*If your horse has a tendency to run in the gaits, and therefore has a transition that is difficult to manage, you might have to change your focus from this exercise to one that teaches you how to control the gaits first. Then come back to this at a later time.
3. Getting good?
Now you can move on to a little more challenge.
You can ride wherever you like in the ring, and switch between left and right lead transitions. Maybe you'll do three right lead trot to canter transitions, then one left lead, then one right, then two left. Get creative, try to "pop quiz" your horse a bit (and your body).
4. Feel your body.
This is the hardest part. The thing is, once we're blue-printed in a "feel", we think it's the right feel. So if you hunch over in the transition, it will feel very awkward for you to stay tall and tighten your core. In fact, it might actually feel wrong.
An instructor, or an educated eye on the ground, is most indispensable at this point. You need to have someone tell you how you look, and what you should do to improve your body position through the transition.
The idea is to stay tall (no lean in any direction), stay loose but toned enough to not flop, and follow the horse. Keep your eyes up and look ahead to help keep your upper body aligned. Ride from the seat first. Soften your elbows but be ready to support the horse (half-halts) if there is any rushing or falling to the forehand.
I put a question mark because I know how hard it is to find a good lunging horse and instructor. But if you have access to both, you're very lucky and on the best short-cut to improving everything about your body.
The most amazing feeling is to have someone control your horse while you go through multiple trot/canter transitions - without having to steer, balance on the reins (yes, we all do that at some point!), or even worry about your horse's gait. Then you can focus on you - your seat, your upper body, your legs... there's plenty to do without the reins!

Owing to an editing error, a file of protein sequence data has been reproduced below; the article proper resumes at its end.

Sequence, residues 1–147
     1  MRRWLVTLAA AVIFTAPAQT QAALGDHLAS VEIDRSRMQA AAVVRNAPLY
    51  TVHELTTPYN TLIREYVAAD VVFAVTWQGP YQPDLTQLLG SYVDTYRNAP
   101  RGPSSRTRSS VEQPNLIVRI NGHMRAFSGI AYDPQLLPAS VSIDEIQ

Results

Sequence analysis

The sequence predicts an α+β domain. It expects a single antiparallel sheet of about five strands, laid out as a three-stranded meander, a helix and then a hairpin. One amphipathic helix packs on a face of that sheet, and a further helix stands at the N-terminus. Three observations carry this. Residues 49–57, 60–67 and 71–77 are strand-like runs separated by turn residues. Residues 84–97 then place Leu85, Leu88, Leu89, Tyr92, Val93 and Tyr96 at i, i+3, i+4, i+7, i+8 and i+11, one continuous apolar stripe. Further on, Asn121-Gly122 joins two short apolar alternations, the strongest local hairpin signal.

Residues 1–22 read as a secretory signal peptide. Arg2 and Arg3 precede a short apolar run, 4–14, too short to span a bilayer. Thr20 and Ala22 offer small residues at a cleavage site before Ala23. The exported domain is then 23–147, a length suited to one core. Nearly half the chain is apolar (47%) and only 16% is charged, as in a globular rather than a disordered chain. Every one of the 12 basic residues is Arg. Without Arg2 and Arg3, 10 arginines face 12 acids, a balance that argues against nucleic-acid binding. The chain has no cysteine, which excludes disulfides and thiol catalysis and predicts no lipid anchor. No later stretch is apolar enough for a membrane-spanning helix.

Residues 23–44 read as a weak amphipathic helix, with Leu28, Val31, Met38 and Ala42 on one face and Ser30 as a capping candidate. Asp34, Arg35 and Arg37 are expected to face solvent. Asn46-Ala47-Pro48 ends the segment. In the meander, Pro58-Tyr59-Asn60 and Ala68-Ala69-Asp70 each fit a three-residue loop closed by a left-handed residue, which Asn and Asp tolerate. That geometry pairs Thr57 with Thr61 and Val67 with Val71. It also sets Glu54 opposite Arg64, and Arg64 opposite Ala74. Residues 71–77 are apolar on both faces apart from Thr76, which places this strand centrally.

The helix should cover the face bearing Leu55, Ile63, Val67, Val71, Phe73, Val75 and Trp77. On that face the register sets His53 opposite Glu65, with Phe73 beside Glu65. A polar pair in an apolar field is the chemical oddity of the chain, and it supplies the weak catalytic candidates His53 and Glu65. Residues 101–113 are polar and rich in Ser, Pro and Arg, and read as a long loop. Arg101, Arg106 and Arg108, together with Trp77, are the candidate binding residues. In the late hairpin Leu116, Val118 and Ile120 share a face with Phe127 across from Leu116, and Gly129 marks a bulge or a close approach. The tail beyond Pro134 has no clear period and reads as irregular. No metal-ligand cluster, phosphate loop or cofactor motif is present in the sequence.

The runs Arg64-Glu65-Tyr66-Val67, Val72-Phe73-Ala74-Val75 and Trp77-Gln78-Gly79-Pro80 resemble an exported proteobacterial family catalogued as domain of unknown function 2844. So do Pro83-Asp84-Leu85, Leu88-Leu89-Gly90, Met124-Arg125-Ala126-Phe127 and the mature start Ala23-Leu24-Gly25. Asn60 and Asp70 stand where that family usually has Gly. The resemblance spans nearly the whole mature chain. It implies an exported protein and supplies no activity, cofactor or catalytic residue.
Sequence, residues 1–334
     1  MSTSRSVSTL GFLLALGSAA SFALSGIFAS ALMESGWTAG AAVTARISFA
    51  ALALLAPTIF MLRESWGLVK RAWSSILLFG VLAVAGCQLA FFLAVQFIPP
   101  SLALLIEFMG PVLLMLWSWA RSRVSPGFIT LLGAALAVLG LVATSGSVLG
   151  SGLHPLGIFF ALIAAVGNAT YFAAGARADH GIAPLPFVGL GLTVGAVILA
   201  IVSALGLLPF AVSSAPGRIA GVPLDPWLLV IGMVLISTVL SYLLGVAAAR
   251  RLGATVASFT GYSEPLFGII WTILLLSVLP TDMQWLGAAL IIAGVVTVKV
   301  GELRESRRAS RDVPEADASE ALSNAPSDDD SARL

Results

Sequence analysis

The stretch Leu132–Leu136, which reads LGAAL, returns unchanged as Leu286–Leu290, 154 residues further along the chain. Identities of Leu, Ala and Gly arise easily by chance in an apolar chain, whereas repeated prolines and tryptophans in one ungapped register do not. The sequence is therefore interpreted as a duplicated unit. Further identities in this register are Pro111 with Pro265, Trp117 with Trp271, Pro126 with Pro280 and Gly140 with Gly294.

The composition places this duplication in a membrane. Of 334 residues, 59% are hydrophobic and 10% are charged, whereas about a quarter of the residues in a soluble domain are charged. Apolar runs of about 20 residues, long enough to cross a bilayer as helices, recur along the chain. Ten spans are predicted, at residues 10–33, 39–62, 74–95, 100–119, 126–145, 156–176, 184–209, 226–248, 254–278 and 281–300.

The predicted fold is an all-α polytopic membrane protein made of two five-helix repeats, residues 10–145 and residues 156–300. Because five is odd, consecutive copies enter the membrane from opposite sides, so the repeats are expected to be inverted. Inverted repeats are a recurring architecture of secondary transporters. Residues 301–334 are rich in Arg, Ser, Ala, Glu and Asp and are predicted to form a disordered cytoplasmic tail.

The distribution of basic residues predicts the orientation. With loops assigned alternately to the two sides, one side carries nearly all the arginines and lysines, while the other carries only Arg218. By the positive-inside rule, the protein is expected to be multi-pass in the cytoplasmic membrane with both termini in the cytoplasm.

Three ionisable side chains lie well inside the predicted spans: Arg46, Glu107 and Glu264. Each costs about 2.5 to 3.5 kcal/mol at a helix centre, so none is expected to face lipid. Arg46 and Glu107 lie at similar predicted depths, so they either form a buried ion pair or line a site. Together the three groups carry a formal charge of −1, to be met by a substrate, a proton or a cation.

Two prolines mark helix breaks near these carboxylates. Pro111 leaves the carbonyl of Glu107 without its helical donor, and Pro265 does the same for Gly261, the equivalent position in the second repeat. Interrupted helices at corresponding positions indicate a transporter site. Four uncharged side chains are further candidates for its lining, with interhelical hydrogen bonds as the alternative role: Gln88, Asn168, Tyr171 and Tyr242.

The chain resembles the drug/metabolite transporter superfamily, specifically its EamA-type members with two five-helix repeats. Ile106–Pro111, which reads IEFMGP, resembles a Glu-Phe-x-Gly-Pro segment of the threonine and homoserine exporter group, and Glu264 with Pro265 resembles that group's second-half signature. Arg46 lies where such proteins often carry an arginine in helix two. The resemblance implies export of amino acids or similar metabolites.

There you have it. Don't overwork your horse, but get used to the transition by doing many over a short period of time. Also, have fun with it. Don't make it a stressful thing - just play, try, and even if things don't come together right away, your body will develop over time just from the practice.
*Thanks to Kelle, who asked about stiffness in transitions on my Facebook page. Hope this helps! 🙂
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More related reading here:
The Benefits Of Cantering Round And Round The Ring: Here's another exercise you can try. This one improves the gait.
How The "Not Canter Can Drastically Improve Your Transitions: This exercise helps the nervous or rushing horse.
A Simple And Effective Horse Riding Warm Up (Exercise): I often start with this warm up, and for many great reasons.
How You Know You Don't Have Impulsion (Yet): There are actually two fairly easy to spot signs.
The Many Uses Of The Oval (Exercise): The oval is often ignored, but it can be an awesome learning tool because of the turns and the straight lines.